On the Birthday of Ted Berrigan, (1965)

By Sotère Torregian Sotere Torregian
           “Sooner or later we'll all get to speak like Ted Berrigan”
A donkey might consider itself a white stallion
and the ear-phones oft the desert
                                                    tune into us
A hair-breaking pallor
    Nothing to be afraid of

How long has the checker-board been “on the scene”?

                                           It's the miracle she-wolf.

I know I am “too serious”
For “The Daughters of Nothing already for Nothing”
Who will erase my ulcer
See its dry its dry it's got a combination
My friends.
What's left over?

Pagliacci. In the guise of Enrico Caruso bangs his drum with hysteric eyes
His girl-friend's inside he's beating the heart of his bass drum
O that crazy clown Pagliacci!
It seems we stood and talked like this before
Don't Grab from me Baby
I keep my face and open spigot a cry of the winds
Fall all your fresh newspapers

Inquisitors
Happiness
It is the divine stone the white stone with the name
                                                      which no one knows


                                                               New York City
                                                   On Ted's 31st Birthday

Sotere Torregian, "On the Birthday of Ted Berrigan, (1965)" from “I Must Go” (She Said) “Because My Pizza’s Cold”. Copyright © 2002 by Sotere Torregian.  Reprinted by permission of Skanky Possum.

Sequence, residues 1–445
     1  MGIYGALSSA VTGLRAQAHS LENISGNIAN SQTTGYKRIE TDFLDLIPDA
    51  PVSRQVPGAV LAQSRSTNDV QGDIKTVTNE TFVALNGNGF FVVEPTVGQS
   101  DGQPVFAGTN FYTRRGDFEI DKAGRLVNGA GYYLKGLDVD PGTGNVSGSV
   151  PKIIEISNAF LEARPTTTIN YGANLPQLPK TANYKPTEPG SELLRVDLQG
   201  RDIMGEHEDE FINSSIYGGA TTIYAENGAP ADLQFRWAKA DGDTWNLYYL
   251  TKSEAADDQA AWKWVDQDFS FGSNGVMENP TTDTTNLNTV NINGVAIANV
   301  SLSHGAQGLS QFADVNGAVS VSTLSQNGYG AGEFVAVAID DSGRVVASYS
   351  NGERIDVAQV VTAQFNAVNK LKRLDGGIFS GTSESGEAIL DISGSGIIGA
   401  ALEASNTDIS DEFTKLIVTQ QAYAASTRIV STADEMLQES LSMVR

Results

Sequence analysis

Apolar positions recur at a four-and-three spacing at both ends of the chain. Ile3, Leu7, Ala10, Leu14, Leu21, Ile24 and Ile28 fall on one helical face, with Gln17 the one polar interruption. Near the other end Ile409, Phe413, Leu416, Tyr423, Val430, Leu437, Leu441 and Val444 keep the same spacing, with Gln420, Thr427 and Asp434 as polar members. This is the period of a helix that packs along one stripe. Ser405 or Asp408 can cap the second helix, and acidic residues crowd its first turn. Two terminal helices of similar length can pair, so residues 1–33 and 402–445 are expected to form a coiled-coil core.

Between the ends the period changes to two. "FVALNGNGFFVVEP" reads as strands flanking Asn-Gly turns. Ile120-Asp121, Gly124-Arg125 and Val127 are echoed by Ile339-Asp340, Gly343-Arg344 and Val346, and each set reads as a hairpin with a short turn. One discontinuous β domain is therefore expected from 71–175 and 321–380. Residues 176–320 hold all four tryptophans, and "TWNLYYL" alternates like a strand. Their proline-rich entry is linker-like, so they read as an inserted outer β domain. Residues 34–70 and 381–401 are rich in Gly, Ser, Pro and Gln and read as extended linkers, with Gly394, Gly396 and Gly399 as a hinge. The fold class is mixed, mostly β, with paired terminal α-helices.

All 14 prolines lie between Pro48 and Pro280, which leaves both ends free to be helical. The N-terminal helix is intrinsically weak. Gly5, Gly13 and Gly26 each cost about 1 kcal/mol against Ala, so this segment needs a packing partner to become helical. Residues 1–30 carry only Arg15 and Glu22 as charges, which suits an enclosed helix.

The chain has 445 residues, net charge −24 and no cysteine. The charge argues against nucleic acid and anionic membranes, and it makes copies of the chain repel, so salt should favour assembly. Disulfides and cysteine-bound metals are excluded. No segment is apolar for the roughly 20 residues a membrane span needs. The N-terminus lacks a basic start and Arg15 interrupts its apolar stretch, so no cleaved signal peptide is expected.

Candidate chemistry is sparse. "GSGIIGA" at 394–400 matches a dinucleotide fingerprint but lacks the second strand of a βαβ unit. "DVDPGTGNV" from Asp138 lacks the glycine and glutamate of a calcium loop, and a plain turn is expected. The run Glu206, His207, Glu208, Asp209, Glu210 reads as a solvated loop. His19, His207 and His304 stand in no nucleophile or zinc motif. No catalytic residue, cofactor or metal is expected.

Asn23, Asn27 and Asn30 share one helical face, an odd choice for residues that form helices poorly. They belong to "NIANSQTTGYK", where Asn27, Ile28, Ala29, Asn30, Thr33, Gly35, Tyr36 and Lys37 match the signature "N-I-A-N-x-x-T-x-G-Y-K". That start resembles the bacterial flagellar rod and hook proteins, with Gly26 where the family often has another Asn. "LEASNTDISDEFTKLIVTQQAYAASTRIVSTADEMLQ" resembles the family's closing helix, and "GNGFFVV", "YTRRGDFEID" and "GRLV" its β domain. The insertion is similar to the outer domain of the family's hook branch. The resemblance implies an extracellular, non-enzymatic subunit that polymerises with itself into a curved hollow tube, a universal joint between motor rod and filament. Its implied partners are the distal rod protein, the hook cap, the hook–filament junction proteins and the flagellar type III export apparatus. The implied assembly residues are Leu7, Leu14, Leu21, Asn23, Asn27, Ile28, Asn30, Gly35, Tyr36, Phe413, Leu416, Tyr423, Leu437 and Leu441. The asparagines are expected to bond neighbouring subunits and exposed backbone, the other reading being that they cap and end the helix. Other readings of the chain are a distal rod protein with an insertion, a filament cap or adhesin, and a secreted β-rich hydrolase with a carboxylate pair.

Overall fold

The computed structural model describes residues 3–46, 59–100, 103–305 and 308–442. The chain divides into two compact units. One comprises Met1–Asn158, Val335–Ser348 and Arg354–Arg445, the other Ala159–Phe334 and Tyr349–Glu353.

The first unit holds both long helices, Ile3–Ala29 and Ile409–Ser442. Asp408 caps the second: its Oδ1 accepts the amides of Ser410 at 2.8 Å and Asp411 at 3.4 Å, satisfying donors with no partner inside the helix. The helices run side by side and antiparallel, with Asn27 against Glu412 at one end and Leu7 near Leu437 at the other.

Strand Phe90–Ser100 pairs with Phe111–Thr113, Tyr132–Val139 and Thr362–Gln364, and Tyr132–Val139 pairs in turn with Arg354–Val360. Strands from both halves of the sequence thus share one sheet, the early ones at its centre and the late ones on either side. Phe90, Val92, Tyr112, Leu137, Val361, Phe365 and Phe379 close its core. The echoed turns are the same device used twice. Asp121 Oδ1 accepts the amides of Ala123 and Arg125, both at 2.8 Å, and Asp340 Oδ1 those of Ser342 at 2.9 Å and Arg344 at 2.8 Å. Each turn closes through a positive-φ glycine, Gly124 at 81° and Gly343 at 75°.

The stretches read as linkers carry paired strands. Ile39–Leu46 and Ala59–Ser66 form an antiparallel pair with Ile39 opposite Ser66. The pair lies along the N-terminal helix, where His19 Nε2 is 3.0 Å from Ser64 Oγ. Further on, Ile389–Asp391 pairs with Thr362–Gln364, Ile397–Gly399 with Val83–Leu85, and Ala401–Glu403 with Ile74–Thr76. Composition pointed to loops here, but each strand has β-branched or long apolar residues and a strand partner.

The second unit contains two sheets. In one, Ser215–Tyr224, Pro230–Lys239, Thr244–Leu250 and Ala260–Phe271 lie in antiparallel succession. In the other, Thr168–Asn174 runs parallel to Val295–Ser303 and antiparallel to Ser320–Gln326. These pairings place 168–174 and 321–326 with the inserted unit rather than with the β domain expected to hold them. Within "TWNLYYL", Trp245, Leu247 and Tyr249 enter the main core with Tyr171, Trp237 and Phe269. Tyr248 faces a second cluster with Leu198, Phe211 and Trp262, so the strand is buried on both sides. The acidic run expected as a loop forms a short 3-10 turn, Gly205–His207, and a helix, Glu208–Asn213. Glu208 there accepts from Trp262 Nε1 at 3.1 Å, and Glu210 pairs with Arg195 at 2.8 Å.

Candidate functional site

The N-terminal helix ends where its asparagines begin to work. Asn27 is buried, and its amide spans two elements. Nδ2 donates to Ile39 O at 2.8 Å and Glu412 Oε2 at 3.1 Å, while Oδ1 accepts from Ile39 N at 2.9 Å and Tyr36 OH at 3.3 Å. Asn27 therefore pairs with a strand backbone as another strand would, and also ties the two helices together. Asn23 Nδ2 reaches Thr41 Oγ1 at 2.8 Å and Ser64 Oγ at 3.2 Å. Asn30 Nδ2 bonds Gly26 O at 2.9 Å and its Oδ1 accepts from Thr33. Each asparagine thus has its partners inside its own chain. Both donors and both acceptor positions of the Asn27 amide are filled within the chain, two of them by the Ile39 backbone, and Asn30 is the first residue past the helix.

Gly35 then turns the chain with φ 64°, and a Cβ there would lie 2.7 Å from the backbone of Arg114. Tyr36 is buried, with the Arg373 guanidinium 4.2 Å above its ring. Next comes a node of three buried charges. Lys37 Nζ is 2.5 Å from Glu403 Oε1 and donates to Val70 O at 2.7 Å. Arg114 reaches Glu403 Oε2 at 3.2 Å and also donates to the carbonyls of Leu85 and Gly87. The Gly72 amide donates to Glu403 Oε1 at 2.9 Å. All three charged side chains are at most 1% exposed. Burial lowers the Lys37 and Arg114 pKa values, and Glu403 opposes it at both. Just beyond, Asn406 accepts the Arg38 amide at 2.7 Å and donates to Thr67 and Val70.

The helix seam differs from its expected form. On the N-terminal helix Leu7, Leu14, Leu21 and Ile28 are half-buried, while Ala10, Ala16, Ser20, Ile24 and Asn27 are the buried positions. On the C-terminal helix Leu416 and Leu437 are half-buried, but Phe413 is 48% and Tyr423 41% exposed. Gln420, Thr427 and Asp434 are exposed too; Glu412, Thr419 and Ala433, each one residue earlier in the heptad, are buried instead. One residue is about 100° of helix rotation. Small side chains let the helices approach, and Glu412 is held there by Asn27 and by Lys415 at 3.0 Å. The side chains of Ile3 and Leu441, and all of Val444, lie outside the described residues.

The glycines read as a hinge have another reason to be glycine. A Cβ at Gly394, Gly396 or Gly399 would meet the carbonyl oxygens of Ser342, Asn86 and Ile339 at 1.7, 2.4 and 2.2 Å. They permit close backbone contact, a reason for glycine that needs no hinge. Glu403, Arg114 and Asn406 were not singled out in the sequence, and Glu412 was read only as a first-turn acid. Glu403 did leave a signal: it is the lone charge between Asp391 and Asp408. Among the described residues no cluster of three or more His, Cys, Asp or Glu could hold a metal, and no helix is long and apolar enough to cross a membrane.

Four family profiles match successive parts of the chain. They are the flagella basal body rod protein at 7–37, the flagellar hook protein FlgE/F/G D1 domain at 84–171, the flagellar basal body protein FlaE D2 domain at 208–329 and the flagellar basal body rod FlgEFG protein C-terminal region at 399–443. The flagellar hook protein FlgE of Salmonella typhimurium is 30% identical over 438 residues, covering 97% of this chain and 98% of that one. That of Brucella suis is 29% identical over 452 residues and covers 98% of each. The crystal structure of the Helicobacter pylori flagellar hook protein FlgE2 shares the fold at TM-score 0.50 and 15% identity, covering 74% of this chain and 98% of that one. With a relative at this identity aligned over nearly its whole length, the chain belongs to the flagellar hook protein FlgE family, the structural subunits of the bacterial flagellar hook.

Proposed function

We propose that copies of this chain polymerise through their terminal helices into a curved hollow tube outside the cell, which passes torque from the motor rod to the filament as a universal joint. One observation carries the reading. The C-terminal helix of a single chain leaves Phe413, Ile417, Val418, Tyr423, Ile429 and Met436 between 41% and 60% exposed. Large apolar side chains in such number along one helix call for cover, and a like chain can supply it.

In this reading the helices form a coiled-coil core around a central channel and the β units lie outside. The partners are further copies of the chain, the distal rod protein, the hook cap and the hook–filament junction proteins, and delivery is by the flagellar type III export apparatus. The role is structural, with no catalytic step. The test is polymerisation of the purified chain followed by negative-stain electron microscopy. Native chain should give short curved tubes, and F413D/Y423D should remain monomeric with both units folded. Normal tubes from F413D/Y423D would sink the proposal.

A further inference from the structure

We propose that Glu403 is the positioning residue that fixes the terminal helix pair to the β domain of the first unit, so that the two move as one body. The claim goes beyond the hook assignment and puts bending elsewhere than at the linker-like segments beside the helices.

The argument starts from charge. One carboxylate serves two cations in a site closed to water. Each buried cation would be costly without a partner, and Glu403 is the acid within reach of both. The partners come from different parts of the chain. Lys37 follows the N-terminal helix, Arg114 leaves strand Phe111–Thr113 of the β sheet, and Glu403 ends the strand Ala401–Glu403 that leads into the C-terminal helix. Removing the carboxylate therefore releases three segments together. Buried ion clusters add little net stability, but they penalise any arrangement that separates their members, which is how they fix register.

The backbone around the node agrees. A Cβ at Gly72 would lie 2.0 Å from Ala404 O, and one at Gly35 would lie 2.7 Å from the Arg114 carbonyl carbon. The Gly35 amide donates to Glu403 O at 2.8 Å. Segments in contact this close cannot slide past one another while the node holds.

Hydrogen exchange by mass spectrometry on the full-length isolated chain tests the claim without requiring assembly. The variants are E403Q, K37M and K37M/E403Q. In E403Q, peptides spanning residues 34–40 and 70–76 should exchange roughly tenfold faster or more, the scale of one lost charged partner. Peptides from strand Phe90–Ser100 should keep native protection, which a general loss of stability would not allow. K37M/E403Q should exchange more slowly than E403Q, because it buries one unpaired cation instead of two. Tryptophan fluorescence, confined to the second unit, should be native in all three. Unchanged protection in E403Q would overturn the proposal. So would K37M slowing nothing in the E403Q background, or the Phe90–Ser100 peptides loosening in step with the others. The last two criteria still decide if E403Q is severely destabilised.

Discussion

Source: “I Must Go” (She Said) “Because My Pizza’s Cold”. (Skanky Possum, 2002)

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Poet Sotère Torregian

POET’S REGION U.S., Western

SCHOOL / PERIOD New York School (2nd Generation)

Subjects Arts & Sciences, Poetry & Poets

 Sotère  Torregian

Biography

Sotère Torregian is an American poet, born in Newark, New Jersey on June 25, 1941. He attended Rutgers University, and taught briefly at the Free University of New York and Stanford University, where he helped establish the Afro-American studies program in 1969. In the mid-1960s he was associated with the New York School of poets. At that time he proposed a kind of American “orthodox Surrealism” (following the dictates of André . . .

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Poem Categorization

SUBJECT Arts & Sciences, Poetry & Poets

POET’S REGION U.S., Western

SCHOOL / PERIOD New York School (2nd Generation)

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Originally appeared in Poetry magazine.

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